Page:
Sonnet II

Sonnet II

When forty winters shall besiege thy brow,
And dig deep trenches in thy beauty’s field,
Thy youth’s proud livery so gazed on now,
Will be a totter’d weed of small worth held:
Then being asked, where all thy beauty lies,
Where all the treasure of thy lusty days;
To say, within thine own deep sunken eyes,
Were an all-eating shame, and thriftless praise.
How much more praise deserv’d thy beauty’s use,
If thou couldst answer ‘This fair child of mine
Shall sum my count, and make my old excuse,’
Proving his beauty by succession thine!
This were to be new made when thou art old,
And see thy blood warm when thou feel’st it cold.

I really love the siege metaphor with the years as a besieging army, the wrinkles of age trenches. 
“Proving his beauty by succession thine!”

The word “succession” puts me in mind of the political context of Shakespeare’s day. When the sonnets were published, Elizabeth had recently died without marrying or begetting heirs and James of Scotland had taken the throne. It’s hard for me not to think that in some ways a subtext for these sonnets that urge reproduction is a contemplation of what happens when a once beautiful woman clings to her beauty and refuses to marry and have children. Am I off base here?

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* I really like the term plague for the current virus, because it feels more literary than virus, coronavirus, covid-19 or any of the other more clinical terms. ‘Plague’ harkens back to prior generations and their responses to similar situations, it has a Biblical weight and reminds me that the current crisis is merely the latest crisis, that humanity has faced other plagues before. Boccaccio’s Decameron, as so many people have rediscovered, is perhaps the original instance of quarantine becoming a time of artistic flourishing.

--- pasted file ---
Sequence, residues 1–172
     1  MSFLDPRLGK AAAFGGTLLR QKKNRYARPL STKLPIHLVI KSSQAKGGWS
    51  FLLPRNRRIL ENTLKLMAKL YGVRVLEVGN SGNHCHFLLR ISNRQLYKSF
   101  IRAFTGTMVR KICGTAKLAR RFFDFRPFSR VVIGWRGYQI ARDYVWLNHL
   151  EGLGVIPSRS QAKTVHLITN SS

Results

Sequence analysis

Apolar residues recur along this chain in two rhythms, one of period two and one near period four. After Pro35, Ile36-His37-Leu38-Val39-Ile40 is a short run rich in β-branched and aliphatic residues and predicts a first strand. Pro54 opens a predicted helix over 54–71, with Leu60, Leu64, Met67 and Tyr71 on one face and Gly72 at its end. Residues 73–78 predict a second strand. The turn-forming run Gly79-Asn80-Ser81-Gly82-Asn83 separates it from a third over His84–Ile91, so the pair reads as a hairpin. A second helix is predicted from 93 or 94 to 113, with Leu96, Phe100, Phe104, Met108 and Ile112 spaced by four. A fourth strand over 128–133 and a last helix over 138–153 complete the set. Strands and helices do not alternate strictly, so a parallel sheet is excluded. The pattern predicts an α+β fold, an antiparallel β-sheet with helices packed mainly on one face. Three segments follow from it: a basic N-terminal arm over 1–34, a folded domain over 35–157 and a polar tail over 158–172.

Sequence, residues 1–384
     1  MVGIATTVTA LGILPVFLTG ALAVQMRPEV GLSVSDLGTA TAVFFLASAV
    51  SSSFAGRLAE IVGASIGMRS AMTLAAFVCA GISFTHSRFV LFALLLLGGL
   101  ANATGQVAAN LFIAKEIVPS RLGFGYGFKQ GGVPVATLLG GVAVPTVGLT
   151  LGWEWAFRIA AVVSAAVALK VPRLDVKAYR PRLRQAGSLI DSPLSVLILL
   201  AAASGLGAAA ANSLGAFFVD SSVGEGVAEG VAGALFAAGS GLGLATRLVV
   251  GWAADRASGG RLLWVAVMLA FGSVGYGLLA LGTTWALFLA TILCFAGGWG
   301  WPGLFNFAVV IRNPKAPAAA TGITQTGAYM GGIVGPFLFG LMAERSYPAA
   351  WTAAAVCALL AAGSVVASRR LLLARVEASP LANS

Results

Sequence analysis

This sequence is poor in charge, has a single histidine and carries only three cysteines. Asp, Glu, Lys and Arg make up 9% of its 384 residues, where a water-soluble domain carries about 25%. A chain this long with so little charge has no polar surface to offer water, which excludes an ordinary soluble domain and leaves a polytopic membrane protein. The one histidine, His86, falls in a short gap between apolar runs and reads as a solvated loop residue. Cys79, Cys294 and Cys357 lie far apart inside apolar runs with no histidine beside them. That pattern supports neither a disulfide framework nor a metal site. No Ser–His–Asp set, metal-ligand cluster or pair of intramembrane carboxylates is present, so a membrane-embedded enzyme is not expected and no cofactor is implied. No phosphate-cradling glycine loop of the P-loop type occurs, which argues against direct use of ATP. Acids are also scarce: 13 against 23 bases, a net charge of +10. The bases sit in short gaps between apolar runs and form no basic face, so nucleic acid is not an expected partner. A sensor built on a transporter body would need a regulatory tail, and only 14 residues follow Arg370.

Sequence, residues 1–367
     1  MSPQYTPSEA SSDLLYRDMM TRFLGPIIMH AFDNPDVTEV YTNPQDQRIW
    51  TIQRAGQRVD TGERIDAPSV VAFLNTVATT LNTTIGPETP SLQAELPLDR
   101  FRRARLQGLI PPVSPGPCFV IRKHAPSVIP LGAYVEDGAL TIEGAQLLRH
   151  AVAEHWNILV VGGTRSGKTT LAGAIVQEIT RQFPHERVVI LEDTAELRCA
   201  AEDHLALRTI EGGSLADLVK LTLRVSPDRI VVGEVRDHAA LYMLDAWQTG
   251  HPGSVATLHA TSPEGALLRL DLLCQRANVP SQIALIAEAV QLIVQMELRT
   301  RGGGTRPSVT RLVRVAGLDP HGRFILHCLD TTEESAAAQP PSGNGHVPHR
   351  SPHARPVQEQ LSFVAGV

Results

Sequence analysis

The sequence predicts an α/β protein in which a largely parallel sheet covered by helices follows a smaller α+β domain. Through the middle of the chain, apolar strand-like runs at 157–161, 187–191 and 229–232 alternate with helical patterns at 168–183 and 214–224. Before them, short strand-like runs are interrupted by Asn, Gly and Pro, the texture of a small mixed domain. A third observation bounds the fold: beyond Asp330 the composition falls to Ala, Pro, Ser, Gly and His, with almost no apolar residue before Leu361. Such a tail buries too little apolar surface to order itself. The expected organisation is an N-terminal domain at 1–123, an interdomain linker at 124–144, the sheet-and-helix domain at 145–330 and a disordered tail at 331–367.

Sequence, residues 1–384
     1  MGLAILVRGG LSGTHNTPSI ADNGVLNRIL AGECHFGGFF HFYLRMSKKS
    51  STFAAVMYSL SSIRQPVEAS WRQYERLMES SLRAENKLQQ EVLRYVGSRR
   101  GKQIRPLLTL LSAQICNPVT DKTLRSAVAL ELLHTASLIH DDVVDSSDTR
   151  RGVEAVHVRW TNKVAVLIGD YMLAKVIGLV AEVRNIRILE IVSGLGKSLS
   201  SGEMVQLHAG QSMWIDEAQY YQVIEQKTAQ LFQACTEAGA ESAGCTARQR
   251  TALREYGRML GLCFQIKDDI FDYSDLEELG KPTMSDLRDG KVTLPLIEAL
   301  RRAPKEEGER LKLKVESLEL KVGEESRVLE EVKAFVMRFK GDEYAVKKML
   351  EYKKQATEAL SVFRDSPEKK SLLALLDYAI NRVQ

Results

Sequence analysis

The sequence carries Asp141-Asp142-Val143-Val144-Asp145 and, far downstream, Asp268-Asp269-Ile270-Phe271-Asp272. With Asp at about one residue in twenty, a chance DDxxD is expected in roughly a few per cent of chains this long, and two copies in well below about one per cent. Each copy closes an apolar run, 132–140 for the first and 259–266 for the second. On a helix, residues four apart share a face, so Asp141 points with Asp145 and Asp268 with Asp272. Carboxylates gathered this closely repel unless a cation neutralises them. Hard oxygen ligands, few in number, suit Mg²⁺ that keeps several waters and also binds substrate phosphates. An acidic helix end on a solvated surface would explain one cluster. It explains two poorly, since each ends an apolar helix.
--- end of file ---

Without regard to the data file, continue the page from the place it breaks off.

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4 Responses to Reading Shakespeare’s Sonnets in Quarantine

  1. Suzanne April 5, 2020 at 2:05 pm #

    This is great. I have always had difficulty reading and getting much out of the sonnets. Hearing it, reading it, and reading your first impression helps to begin cracking it open.

    • Melanie Bettinelli April 6, 2020 at 1:10 am #

      Exactly what I’m finding. I’ve been opening the video with Patrick Stewart in one tab and the text of the sonnet in another, starting the video, and then reading along with him as he reads. I’ll listen and read along a couple of times, then read the commentary, then listen again. I’m finding them so much easier to process. But I need to find the time to listen to more of them… I’m glad you found my commentary helpful.

  2. Stephanie April 8, 2020 at 1:25 am #

    Thanks so much- I’d heard Patrick Stewart was reading the sonnets but hadn’t listened in until now. Isn’t his “But thou” sonnet 1 line 5 so great? I also enjoy the Scottish poet Don Paterson’s commentary. It’s gritty and contemporary.

    • Melanie Bettinelli April 14, 2020 at 10:52 pm #

      Yes. The But thou is really great.

      I’ll have to look up the Paterson commentary.